William practiced a few more lines in dwarven before he felt his stomach tightening and twisting. He jumped to his feet… then found himself flopping over. He stood again, slowly and shakily, “Oh… how long was I out?”
Chris gathered some water to write on the floor, “A month. Ish.”
William staggered his way to the kitchen, though he straightened himself up before knocking. One of the cooks came out. “Oh! My king, uh… We don’t have much ready besides gruel for the prisoners. We’ll start something right away!”
William waved his hand. “Gruel will be fine… though maybe add a pinch of salt or something to mine?”
“Er… of course! It will be out momentarily.”
“I’ll be in the dining room.” Though William called it that, it was a mess hall. While functionally they were the same, it wasn’t nearly so formal. It wasn’t a big area either. It was mostly for guards who worked at the jail, and they didn’t normally need many of those. It currently wasn’t meal time, so William found himself alone.
Soon enough a bowl of gruel arrived before William. The server, a young gevai woman, placed it before him nervously, “It’s not really fit for a king but… umm… we can make something better if you’d wait a bit…”
William shook his head, “This is what I asked for. Just return to your normal duties and don’t concern yourself.”
William sipped some of the gruel, finding it rather thin but flavored with a bit of honey. He nodded slightly, and felt the server relax slightly before bowing to leave. The gruel was very thin, but even so William almost felt like it was too much. Well, that was what happened after a month without eating anything. He hoped he hadn’t messed his body up too much. The lack of training wasn’t as important as the muscle degradation that would come from starving, though William knew he’d also had some fat reserves. Not a lot, but he hadn’t restricted his eating habits when there were sufficient amounts of fine food. Having no fat at all wasn’t healthy anyway.
Kengrer Bonemaker hung in his cell. There wasn’t much else he could do besides that and think about death. Occasionally he would be brought meals, but other than that there was little else. He was waiting for the torture to start. Maybe it already had, but in that case it was the most slow torture he had ever considered.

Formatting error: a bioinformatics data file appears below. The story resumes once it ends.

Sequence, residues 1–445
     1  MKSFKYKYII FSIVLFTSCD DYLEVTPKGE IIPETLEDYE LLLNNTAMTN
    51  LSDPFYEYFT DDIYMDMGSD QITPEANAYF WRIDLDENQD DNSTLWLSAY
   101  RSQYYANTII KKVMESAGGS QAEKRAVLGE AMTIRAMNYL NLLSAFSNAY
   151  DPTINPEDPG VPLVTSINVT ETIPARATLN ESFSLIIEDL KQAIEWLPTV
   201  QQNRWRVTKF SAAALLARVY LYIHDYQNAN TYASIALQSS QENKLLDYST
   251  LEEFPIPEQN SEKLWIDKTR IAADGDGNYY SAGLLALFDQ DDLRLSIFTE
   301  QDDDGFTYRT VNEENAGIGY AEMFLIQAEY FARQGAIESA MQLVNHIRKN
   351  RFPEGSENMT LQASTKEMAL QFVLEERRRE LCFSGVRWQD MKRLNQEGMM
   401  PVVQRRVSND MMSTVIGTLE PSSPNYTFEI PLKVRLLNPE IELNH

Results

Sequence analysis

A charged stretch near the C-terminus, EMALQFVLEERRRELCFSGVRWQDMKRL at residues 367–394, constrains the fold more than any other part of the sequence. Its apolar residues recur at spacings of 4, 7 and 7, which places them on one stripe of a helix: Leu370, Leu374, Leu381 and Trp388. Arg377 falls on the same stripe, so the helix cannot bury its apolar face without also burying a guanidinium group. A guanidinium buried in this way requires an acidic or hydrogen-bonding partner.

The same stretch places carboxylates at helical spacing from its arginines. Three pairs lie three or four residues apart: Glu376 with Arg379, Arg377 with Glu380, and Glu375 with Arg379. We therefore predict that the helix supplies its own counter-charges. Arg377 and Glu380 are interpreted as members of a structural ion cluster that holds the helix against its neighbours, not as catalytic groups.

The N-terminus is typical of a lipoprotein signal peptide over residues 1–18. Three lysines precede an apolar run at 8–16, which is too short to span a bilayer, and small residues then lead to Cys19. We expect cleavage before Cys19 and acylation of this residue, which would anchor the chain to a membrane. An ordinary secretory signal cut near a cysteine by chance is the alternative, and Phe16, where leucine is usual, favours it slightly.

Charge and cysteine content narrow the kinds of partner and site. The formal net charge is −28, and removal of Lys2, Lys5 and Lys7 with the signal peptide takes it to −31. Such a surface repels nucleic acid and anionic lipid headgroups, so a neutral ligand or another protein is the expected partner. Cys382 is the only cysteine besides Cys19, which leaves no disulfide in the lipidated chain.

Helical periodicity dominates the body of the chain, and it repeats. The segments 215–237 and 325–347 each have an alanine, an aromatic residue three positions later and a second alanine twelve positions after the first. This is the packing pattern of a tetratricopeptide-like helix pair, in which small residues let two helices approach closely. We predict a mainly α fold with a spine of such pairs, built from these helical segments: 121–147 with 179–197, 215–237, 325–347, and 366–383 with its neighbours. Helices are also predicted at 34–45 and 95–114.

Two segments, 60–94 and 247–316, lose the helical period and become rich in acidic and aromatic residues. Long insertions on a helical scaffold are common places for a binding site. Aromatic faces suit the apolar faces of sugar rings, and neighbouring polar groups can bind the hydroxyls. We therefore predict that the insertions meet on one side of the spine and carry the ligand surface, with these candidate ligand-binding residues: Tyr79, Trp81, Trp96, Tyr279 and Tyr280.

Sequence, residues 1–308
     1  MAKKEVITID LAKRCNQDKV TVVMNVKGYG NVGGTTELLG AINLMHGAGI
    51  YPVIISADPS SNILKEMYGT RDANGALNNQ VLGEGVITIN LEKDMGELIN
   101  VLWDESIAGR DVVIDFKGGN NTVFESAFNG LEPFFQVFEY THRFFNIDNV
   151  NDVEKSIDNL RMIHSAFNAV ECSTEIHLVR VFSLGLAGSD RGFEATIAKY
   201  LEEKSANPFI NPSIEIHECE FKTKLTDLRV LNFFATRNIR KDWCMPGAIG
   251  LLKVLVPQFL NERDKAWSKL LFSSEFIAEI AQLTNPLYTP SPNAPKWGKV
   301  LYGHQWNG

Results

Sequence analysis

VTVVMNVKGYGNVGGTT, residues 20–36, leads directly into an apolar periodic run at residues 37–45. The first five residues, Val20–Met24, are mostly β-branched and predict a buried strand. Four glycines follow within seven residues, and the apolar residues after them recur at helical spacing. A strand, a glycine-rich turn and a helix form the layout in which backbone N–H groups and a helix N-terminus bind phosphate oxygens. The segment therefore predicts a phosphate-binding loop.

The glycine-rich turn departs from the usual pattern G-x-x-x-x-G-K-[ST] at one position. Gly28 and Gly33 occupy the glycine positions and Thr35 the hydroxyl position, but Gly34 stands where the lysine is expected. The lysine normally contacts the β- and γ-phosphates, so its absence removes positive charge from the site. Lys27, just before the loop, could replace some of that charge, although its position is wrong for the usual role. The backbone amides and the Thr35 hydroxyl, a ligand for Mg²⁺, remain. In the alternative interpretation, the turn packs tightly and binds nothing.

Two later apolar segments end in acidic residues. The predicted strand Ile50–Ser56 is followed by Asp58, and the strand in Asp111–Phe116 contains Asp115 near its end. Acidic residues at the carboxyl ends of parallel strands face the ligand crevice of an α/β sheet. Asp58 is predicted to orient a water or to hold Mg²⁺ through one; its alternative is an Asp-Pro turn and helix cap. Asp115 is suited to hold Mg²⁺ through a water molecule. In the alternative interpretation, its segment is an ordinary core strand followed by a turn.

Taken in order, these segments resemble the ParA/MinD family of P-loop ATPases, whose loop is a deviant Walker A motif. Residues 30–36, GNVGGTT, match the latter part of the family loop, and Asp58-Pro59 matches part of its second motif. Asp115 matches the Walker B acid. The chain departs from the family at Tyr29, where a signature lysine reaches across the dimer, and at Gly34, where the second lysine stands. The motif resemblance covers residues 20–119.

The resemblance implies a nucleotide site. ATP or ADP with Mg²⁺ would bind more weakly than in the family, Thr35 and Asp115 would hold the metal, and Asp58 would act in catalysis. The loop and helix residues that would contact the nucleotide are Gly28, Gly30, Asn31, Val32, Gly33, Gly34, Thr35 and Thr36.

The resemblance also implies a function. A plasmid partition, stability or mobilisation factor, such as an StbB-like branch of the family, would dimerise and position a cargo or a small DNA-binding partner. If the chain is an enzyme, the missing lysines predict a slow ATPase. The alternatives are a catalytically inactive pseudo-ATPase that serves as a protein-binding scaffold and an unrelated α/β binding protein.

On the other hand, what counted as food was perhaps torture itself. A thin gruel, even several times per day, left him perpetually starting. Well, perhaps not starving… but hungry. There were few things worse to a dwarf than being hungry, except perhaps an unkempt beard. Maybe these demons were actually just really good at torture. So good they made it seem like they weren’t even trying.
Then he came and Kengrer knew it was time for the real torture. He couldn’t really remember but there was just a feeling of great pain that he could barely comprehend. “Do your worst, demon,” the captain muttered steeled himself for what was to come… but he wasn’t prepared for what actually happened.
“Why have the dwarves decided to attack us?”
Kengrer Bonemaker stuttered for a moment, surprised by the demon speaking his people’s tongue. “I-I won’t answer any of your questions, foul demon! Just kill me!”
The demon shook his head and exposed his teeth. “Now now, you don’t have to be like that. It’s not like I’ve asked national secrets. Besides, we already have your ship.” Kengrer clenched his teeth. “Don’t even think about biting your tongue off. You know it wouldn’t kill you that easily, and then I’d just have to question one of your men.”
The captain paled. “You fiend! Leave my men alone!”
“Sure, that’s easy. They won’t know anything important you don’t anyway. You just have to answer my questions. Let’s start with something easy. What’s your name?”
“Ah, I see. We’re doing this already, are we?” The demon scratched his chin. “So, what do you think is an appropriate punishment to one of your men for your lie, Kengrer Bonemaker? Strictly speaking, I don’t need to cut off one of their fingers. I’ll get my answers from your thoughts anyway… but I’d prefer if you say it. It makes the whole thing better.” The black skinned demon grinned maliciously.
“I told you to leave my men out of this!” the restrained captain yelled.
“And I told you to answer my questions. That means truthfully. I’ll give you another chance here though. I’m too lazy to go cut off someone’s fingers unless I have to. As long as you don’t lie anymore- or refuse to answer- I won’t have to cut off any fingers. However, the first lie will have to result in two. I’m generous, but not that generous. So then, how many men were in your crew? Keep in mind I’ll get the answer from your thoughts anyway.”
“… Three dozen. Plus myself.”
The demon clapped slowly, “Good job! That’s the first honest answer. If we get through this whole thing, nobody has to lose any fingers. That’s two and a half gross worth of fingers. I don’t have that many questions but I’m sure I have enough for everyone to lose a finger. Just so you feel better, we do have your entire crew captive so it’s not like I didn’t already know the answer. Now then, how many steamboats do the dwarves have ready to attack?”
“… Four dozen.”
The demon nodded, “I see.” He got up and walked to the entrance of the cell, closing and locking it behind him, “I’ll just have to go get the answers from your men, since you won’t talk.”
“Get back here, you bastard demon!” the captain yelled, but to no effect. He just had to sit in silence, waiting. He couldn’t tell what was happening, which in some ways was worse than knowing. His mind was running wild thinking of what the black-skinned demon might do.